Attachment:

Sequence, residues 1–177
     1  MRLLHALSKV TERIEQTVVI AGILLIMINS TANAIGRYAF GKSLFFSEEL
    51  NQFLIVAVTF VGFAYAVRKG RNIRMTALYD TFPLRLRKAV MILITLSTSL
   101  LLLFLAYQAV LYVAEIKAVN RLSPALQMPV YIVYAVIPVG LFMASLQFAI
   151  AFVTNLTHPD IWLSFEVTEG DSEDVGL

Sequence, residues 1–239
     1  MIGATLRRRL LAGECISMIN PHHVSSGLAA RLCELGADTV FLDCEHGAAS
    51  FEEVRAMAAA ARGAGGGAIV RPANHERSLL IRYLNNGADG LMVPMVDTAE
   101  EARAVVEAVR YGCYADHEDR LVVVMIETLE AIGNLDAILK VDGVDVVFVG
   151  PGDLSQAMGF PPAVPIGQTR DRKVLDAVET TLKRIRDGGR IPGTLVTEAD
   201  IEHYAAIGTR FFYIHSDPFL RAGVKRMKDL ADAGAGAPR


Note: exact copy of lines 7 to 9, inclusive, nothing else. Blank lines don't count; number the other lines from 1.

     1  MIGATLRRRL LAGECISMIN PHHVSSGLAA RLCELGADTV FLDCEHGAAS
    51  FEEVRAMAAA ARGAGGGAIV RPANHERSLL IRYLNNGADG LMVPMVDTAE
   101  EARAVVEAVR YGCYADHEDR LVVVMIETLE AIGNLDAILK VDGVDVVFVG